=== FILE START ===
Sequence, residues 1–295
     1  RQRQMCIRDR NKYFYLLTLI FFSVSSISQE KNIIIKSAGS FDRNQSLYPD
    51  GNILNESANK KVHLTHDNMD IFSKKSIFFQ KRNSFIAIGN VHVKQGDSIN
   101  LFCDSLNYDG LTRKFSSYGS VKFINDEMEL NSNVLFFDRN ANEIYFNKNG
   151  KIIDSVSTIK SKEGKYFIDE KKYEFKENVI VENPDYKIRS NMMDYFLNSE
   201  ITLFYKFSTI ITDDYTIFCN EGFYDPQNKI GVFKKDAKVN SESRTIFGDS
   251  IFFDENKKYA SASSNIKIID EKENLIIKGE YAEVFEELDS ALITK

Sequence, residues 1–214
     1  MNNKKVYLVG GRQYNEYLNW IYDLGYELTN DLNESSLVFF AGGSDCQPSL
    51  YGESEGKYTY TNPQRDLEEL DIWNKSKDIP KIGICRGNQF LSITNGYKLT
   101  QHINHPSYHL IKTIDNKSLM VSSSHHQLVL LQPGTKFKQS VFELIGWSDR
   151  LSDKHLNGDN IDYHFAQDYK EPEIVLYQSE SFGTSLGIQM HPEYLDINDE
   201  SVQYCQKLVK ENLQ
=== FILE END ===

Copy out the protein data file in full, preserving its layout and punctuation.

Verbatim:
Sequence, residues 1–295
     1  RQRQMCIRDR NKYFYLLTLI FFSVSSISQE KNIIIKSAGS FDRNQSLYPD
    51  GNILNESANK KVHLTHDNMD IFSKKSIFFQ KRNSFIAIGN VHVKQGDSIN
   101  LFCDSLNYDG LTRKFSSYGS VKFINDEMEL NSNVLFFDRN ANEIYFNKNG
   151  KIIDSVSTIK SKEGKYFIDE KKYEFKENVI VENPDYKIRS NMMDYFLNSE
   201  ITLFYKFSTI ITDDYTIFCN EGFYDPQNKI GVFKKDAKVN SESRTIFGDS
   251  IFFDENKKYA SASSNIKIID EKENLIIKGE YAEVFEELDS ALITK

Sequence, residues 1–214
     1  MNNKKVYLVG GRQYNEYLNW IYDLGYELTN DLNESSLVFF AGGSDCQPSL
    51  YGESEGKYTY TNPQRDLEEL DIWNKSKDIP KIGICRGNQF LSITNGYKLT
   101  QHINHPSYHL IKTIDNKSLM VSSSHHQLVL LQPGTKFKQS VFELIGWSDR
   151  LSDKHLNGDN IDYHFAQDYK EPEIVLYQSE SFGTSLGIQM HPEYLDINDE
   201  SVQYCQKLVK ENLQ